Additional implementations are directed to systems and computer devices incorporating the methods described above. It is also to be understood that both the foregoing general description and the detailed description to follow are exemplary and explanatory only and are not restrictive of the invention, as claimed.

BRIEF DESCRIPTION OF THE DRAWINGS

The accompanying drawings, which are incorporated in and constitute a part of this specification, illustrate an implementation of the invention and, together with the description, serve to explain the advantages and principles of the invention. In the drawings,

FIG. 1 depicts a conventional software development tool;

FIG. 2 depicts an overview of a software development tool in accordance with the present invention;

FIG. 3 depicts a data structure of the language-neutral representation created by the software development tool of FIG. 2;

FIG. 4 depicts representative source code;

FIG. 5 depicts the data structure of the language-neutral representation of the source code of FIG. 4;

FIG. 6 depicts a data processing system suitable for practicing the present invention;

FIG. 7 depicts an architectural overview of the software development tool of FIG. 2;

FIG. 8A depicts a user interface displayed by the software development tool depicted in FIG. 2, where the user interface displays a list of predefined criteria which the software development tool checks in the source code;

FIG. 8B depicts a user interface displayed by the software development tool depicted in FIG. 2, where the user interface displays the definition of the criteria which the software development tool checks in the source code, and an example of source code which does not conform to the criteria;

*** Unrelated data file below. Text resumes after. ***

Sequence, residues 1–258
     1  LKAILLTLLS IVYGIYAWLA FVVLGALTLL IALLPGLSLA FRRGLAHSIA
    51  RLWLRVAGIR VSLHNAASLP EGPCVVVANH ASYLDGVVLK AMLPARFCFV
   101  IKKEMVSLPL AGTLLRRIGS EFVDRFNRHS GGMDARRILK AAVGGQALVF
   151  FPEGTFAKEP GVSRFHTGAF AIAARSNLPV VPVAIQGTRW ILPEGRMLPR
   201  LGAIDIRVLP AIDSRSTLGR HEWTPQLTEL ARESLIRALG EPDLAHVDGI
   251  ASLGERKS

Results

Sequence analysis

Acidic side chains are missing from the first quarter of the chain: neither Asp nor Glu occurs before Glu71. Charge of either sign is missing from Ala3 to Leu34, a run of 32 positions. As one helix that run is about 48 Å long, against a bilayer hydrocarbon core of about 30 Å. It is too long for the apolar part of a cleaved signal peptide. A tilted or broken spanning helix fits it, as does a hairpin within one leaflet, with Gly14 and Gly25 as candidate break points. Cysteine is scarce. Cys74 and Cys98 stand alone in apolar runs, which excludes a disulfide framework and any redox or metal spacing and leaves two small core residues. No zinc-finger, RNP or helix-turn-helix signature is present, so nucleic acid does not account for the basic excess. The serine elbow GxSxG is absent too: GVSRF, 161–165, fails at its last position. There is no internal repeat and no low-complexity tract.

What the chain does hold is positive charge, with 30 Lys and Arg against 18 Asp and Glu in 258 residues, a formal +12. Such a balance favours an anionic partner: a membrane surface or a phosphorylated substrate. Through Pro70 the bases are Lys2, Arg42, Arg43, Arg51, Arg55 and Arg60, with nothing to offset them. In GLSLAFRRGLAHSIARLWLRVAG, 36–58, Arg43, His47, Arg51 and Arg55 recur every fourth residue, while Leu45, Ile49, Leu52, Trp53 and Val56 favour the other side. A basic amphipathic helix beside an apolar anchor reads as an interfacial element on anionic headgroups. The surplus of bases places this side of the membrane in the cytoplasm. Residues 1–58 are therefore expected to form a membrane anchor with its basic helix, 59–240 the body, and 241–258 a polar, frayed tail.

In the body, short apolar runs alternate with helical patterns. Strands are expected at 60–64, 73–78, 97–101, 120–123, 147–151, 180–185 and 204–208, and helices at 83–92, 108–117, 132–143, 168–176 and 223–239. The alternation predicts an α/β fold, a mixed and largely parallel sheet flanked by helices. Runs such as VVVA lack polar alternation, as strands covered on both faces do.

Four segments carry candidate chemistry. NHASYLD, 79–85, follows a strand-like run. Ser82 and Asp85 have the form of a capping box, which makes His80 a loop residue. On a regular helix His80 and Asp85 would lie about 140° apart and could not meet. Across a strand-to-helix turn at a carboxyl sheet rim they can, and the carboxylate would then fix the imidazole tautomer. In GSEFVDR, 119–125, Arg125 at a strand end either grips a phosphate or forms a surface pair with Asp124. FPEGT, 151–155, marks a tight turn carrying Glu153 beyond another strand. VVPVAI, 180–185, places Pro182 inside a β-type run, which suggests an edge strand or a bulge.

FIG. 8C depicts a user interface displayed by the software development tool depicted in FIG. 2, where the user interface displays an example of source code which conforms to the criteria which the software development tool checks in the source code;

FIG. 9 depicts a flow diagram of the steps performed by the software development tool depicted in FIG. 2;

FIGS. 10A and 10B depict a flow diagram illustrating the update model step of FIG. 9;

FIG. 11 depicts a flow diagram of the steps performed by the software development tool in FIG. 2 when creating a class;

FIG. 12 depicts a user interface displayed by the software development tool depicted in FIG. 2, where the user interface displays a use case diagram of source code;

FIG. 13 depicts a user interface displayed by the software development tool depicted in FIG. 2, where the user interface displays both a class diagram and a textual view of source code;

FIG. 14 depicts a user interface displayed by the software development tool depicted in FIG. 2, where the user interface displays a sequence diagram of source code;

FIG. 15 depicts a user interface displayed by the software development tool depicted in FIG. 2, where the user interface displays a collaboration diagram of source code;

FIG. 16 depicts a user interface displayed by the software development tool depicted in FIG. 2, where the user interface displays a statechart diagram of source code;